Mae Whitman on Being Bullied in High School & How To Handle the Haters

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Editor's note: I had the absolute pleasure of chatting with this gem of a woman. She's so real and honest and true. How can you not love that?? Here's what we talked about, originally posted on OceanDrive.com Mae Whitman is that rare show-biz breed who has grown up in front of the camera lens and managed to come out unscathed. She first won us over with her roles on Arrested Development and Parenthood; now, as the lead in the well-received The Duff, Whitman is poised to be Hollywood’s next leading lady—and one who is putting her platform to positive use. We joined Whitman at the Mondrian South Beach, where she spent her first time in Miami with thousands of women and girls celebrating Aerie’s new swim collection and the #AerieReal campaign and snapping the world’s largest unretouched selfie. Here, she opens up about The Duff, real-life mean girls, and the pressures of image in Hollywood.

What’s unique about The Duff is that it has such a positive message. Was that important to you when working on the project? MAE WHITMAN: [It was] everything. I was like, we can make this funny and fun, but the main thing we have to work really hard on is getting the heart in there and getting the message to be clear and honest and real. The tricky thing was making sure that people understood that this is just really a method of communication.

Did high-school-aged Mae relate to your character in the film? MW: I got made fun of a lot and I was bullied for the ways that I looked different from other girls. I think it happens a lot. So I really wanted to communicate to girls, I know this is really hard and I know it hurts, but you have the power to change your perspective and realize that if people are trying to tear you down, that probably means that you have something really special that they’re threatened by. Try and throw love at that because that must be a sad way to live. This has been my lifelong struggle and [I] understand. If it makes one girl feel a little less alone and better about herself, then that’s a job well done.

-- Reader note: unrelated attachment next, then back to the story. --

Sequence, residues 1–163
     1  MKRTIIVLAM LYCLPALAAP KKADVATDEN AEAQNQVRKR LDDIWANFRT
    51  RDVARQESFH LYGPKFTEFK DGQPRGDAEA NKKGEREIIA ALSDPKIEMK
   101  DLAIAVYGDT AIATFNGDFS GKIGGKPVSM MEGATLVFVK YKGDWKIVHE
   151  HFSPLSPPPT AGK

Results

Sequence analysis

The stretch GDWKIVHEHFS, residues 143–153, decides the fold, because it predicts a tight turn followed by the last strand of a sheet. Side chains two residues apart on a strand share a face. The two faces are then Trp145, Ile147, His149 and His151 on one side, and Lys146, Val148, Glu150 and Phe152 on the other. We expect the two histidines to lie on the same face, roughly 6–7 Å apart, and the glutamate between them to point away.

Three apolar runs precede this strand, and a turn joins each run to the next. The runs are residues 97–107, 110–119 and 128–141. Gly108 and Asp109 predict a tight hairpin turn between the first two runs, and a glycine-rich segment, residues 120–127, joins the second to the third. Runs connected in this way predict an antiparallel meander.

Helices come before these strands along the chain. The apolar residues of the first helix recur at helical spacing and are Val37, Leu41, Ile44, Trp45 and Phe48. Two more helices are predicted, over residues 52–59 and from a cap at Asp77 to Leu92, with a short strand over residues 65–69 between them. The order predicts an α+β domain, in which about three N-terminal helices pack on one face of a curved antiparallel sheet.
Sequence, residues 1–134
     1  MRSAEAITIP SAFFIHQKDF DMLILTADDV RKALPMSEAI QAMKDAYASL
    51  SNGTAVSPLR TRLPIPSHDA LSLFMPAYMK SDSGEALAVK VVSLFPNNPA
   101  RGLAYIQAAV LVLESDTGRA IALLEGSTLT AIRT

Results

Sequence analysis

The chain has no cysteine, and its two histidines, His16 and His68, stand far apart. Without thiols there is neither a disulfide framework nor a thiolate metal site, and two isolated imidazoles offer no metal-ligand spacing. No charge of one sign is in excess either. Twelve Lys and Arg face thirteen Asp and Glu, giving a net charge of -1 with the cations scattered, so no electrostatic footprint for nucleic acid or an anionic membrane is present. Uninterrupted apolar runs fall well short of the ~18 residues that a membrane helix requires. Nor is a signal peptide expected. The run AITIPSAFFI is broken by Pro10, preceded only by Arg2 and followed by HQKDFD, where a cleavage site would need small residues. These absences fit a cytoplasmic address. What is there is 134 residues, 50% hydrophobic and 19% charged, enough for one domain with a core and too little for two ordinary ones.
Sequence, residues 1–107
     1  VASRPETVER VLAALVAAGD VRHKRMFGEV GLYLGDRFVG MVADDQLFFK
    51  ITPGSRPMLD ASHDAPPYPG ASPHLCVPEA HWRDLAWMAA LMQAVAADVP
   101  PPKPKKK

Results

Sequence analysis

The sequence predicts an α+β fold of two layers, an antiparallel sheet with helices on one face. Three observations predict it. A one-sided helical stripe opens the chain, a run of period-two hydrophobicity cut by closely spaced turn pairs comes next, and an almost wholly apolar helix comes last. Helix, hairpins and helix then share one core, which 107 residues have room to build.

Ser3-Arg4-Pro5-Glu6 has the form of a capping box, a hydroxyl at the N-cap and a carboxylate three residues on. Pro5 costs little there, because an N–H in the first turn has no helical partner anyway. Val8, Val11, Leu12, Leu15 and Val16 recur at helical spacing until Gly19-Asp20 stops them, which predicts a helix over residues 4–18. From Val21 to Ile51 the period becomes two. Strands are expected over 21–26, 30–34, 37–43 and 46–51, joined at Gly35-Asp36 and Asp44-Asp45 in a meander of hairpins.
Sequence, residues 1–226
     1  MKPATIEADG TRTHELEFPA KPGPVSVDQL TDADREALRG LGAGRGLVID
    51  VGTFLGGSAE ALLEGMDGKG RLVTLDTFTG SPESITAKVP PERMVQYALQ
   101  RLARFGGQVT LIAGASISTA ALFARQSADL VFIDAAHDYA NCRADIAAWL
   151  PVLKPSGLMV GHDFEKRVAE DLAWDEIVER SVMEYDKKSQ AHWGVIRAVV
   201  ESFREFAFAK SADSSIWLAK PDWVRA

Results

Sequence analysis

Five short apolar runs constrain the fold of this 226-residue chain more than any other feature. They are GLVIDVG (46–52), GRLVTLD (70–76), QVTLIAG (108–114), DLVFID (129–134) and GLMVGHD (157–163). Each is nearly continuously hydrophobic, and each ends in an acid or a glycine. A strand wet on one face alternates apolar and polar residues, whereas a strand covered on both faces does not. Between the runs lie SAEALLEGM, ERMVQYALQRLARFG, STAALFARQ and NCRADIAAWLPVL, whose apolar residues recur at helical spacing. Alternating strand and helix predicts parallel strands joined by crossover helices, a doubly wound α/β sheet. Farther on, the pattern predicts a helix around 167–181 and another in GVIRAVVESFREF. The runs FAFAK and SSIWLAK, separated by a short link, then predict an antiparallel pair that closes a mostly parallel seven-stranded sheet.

Have you experienced a similar kind of bullying in your career? MW: I’ve been doing this for 23 years and I still get my feelings hurt all the time. I just lost out on a movie that really should have been mine because they basically were like, “Well, we don’t think you’re pretty enough.” Straight up.

Despite these hardships, you’ve really come into your own at 26. MW: Every day is a struggle. Some days I’m still like, “I don’t like the way I [look]…” and other days you feel really good about it. I’m so lucky that I’ve had the experiences that I’ve had. I think the more that I got challenged, the more it made me really grow and realize who I wanted to be and what I didn’t need and actually stand more comfortably in myself. You can use that to fuel your fire of feeling amazing about yourself and presenting your best self into the world. I want to continue to be a voice and a connection to girls who feel they might be out of place or want a friend in a far-off realm.

Why is the AerieReal campaign significant? MW: For me, it makes perfect sense. It’s so perfectly in connection, first of all, with the movie that I just did. And second of all, I have always found the things that attract me the most to people are things that make them different. That’s what makes the world go round. Why would you ever want to look like anybody else? The more you can be comfortable in yourself, love exactly what you have and present it with all the love in your heart, then that’s what makes people feel really drawn to you and makes you move through the world in a way that feels natural and good. I think the fact that [Aerie is] not retouching their photos is brave. A lot of corporations don’t do that stuff. It’s important and amazing.

Any advice to young women dealing with criticism or bullying? MW: Do not take it personally. If somebody doesn’t see you for who you are, you don’t want to be around them anyway. You don’t want to be giving your special light to somebody that is not fully in love with everything that you are. You cannot take it personally. Those are weird people behind desks sometimes. You just can’t take it personally, because that stuff just isn’t real.

 

 

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